Anne Robinson, Karen Saxby
This landmark book tackles a deceptively simple idea: the more we spend time with people unlike ourselves, doing things together, the more understanding, tolerant, and even friendly we become.
Combining fresh analysis with a wealth of fascinating examples, Jon Yates demonstrates the ways in which our societies have become disconnected, so that most of us spend less and less time with people who are different ― as defined by age, race, or class, earning power or education.
By answering a series of surprising questions, Yates reveals a set of truths that will change the way you think about yourself and those around you. What unites the England football team, the iPod and Singapore? How did a city that funded its schools the least become the best place to grow up poor? How did Silicon Valley come from nowhere to dominate the tech industry? How did a village of Italian-Americans become incredibly healthy while smoking cigars, drinking red wine and never exercising? And why is talking to our friends about politics the worst thing we can do for our democracy?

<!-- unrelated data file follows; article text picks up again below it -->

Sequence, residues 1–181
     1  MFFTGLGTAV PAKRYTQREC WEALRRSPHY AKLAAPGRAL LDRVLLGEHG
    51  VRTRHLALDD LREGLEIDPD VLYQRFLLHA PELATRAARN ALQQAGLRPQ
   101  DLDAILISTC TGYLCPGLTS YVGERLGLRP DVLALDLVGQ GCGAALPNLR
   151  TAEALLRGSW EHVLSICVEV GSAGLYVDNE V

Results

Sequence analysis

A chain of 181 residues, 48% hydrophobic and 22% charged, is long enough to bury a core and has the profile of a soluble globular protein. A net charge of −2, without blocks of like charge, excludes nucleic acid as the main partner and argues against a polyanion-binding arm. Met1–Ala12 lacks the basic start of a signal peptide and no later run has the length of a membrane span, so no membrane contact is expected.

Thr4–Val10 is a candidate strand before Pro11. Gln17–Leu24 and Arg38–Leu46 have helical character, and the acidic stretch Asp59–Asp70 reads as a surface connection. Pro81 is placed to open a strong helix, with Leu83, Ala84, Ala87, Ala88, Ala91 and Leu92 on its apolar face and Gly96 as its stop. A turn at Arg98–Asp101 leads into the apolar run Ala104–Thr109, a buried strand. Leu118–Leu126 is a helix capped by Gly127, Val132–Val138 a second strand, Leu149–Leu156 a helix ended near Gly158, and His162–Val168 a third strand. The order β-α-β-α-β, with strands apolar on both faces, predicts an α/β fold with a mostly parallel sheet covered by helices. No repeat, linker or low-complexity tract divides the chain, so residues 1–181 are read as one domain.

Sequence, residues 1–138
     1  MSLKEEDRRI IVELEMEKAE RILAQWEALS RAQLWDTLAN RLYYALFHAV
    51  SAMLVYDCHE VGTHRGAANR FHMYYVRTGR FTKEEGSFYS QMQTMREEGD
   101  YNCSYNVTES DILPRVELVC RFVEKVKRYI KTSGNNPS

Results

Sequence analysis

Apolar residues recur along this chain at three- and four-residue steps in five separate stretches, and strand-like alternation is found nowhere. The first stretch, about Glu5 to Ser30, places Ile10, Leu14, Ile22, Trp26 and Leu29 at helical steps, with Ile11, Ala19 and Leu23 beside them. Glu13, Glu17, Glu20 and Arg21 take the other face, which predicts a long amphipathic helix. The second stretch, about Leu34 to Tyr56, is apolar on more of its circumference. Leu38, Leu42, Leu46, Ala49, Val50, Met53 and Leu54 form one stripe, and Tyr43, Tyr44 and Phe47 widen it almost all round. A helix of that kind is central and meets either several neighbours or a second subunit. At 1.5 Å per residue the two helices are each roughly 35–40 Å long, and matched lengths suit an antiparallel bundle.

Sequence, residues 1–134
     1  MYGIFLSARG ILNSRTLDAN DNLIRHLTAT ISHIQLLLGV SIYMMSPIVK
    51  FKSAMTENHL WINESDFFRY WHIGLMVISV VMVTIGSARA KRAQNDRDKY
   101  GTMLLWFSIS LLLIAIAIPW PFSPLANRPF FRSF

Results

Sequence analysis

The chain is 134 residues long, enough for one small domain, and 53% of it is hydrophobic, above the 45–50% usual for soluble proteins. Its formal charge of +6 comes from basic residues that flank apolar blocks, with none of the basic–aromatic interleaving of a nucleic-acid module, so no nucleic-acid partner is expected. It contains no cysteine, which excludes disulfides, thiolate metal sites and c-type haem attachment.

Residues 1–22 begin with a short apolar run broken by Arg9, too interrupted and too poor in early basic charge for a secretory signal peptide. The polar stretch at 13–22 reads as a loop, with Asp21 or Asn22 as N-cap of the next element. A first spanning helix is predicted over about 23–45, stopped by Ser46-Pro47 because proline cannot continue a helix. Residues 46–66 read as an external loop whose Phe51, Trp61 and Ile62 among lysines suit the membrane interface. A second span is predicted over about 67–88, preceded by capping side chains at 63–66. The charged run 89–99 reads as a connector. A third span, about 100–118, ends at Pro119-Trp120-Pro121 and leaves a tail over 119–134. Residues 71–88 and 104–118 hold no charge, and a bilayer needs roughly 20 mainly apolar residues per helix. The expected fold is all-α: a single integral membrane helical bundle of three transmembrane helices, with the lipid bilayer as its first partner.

Fractured is ultimately an optimistic book, showing convincingly how great people are when they're united in diversity. It argues that the pandemic has created an unprecedented opportunity for us to come together. So we must forge a new ‘Common Life’ – a set of shared practises and institutions ― that can strengthen the glue that bonds our societies, in all their diversity.
For the health of our democracy, our society, and our economy, the time to act is now.